By Caroline E. Mayer
Washington Post Staff Writer
Wednesday, January 18, 2006
A proposed class-action settlement involving Netflix customers may be rewritten in response to complaints that the agreement does little for consumers while rewarding the company and the lawyers who filed the suit.
A hearing over the $4 million settlement had been scheduled in California Superior Court today but was postponed for a month.
Plaintiff attorneys, who were slated to receive $2.5 million in the proposed settlement, said the delay enables both sides to review more than 50 objections, including one by the Federal Trade Commission and another by the Trial Lawyers for Public Justice, a national public-interest law firm. Netflix Inc. declined to comment on the delay.
In the past few years, both the FTC and the trial lawyers group have been actively protesting class-action settlements that bring little value to consumers, usually coupons with little monetary value, but pay off handsomely for lawyers.
The settlement stems from a September 2004 lawsuit on behalf of more than 6 million former and current customers. The lawsuit accused Netflix of misleading consumers by promising DVD delivery within one business day after an order was processed. In reality, the lawsuit said, it would often take as long as four to six business days for customers to receive requested DVDs. That meant customers could watch fewer videos than promised under Netflix's monthly membership plans, which allow customers to have only a certain number of DVDs checked out at one time. The most popular plan, at $17.99 a month, allows customers to check out three DVDs at a time. Once a DVD is returned by post-paid mail, Netflix sends out a new one.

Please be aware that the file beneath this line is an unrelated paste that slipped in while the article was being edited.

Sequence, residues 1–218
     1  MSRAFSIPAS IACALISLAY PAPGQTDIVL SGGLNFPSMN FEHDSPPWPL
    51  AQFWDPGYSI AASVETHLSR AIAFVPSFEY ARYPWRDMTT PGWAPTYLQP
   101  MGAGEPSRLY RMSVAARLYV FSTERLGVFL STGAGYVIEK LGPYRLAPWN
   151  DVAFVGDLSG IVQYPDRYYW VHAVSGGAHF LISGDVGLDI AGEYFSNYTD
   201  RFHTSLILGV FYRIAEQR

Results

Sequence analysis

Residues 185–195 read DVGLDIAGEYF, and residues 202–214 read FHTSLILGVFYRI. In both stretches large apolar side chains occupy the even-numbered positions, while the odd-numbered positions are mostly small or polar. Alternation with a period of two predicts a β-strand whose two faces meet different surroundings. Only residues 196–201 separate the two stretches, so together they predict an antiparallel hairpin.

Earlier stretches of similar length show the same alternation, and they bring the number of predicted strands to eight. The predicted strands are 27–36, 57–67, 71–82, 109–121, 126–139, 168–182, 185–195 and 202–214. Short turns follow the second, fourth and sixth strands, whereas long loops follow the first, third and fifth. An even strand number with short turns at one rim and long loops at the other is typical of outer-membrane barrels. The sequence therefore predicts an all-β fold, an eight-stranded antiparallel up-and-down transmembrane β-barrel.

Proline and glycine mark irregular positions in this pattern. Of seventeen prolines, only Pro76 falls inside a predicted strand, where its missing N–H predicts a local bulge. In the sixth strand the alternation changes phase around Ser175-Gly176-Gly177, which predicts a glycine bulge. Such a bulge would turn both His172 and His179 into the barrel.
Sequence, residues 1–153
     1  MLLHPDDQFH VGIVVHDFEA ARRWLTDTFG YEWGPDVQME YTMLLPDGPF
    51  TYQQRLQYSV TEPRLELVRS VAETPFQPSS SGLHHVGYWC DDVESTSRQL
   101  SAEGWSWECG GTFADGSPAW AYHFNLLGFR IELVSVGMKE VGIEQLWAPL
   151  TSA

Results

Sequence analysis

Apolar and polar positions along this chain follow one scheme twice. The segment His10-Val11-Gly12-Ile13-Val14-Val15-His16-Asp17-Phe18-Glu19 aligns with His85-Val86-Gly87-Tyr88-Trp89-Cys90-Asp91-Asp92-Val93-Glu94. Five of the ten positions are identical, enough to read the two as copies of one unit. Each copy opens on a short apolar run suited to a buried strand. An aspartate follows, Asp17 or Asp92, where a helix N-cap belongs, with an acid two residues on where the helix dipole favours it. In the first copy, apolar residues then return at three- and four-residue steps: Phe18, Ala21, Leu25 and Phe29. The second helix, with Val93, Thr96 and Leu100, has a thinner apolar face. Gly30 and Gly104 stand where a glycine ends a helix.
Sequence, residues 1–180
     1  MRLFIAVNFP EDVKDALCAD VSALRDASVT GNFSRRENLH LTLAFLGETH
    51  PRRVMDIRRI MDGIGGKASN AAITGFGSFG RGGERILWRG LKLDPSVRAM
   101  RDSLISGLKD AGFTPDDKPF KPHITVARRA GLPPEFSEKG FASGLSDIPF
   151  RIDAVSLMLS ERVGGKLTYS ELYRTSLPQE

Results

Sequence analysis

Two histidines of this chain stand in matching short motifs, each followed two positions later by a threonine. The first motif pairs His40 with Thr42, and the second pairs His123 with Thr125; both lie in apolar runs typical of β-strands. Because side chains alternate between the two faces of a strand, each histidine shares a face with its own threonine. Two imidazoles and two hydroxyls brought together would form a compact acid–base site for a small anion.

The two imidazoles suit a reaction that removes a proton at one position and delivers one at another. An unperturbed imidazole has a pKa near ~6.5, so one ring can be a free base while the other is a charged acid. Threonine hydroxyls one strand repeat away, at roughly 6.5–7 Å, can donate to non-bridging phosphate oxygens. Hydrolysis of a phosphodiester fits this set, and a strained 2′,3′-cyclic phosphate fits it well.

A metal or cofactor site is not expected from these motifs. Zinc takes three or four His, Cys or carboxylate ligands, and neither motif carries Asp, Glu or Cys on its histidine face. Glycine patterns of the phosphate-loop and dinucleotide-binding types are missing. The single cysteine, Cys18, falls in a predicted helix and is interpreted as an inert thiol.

The lawsuit also alleged that customers who were heavy users, those who viewed and returned their movies quickly, received lower delivery priority.
The FTC said the Netflix settlement was "more a promotional vehicle" for the company than a means to correct alleged misleading practices. While not making any comments on the merits of the original lawsuit, the FTC said the settlement was particularly troublesome, because it "could leave some consumers in a worse position" because they could end up paying more than they expected for DVD rentals.
Richard Frankel, an attorney for the trial lawyers group that filed similar criticism, said plaintiffs attorneys had contacted his group to help craft a new settlement to improve consumer restitution.
Plaintiffs attorney Adam Gutride defended the settlement, saying it provided past and present Netflix customers with an opportunity to rent more DVDs in an effort to deal with allegations that Netflix failed to deliver DVDs as quickly as promised. "There may be changes to the settlement; there may not," Gutride said in an interview yesterday.
Under the proposed settlement, which must be approved by the court, current Netflix customers would get a one-month upgrade to receive more DVDs, a value that ranges from $2 to $6, depending on the plan a customer already had. But if consumers fail to cancel that upgraded service at the end of 30 days, they would be billed for the more expensive service every month after that.
Meanwhile, former Netflix customers would get a month's free service.
Netflix spokesman Steve Swasey said the company agreed to the settlement because it was in the best interest of its shareholders and customers.
Netflix did not admit any wrongdoing in the settlement, although it has revised its Web site to note that its gives priority to customers who receive the fewest DVDs.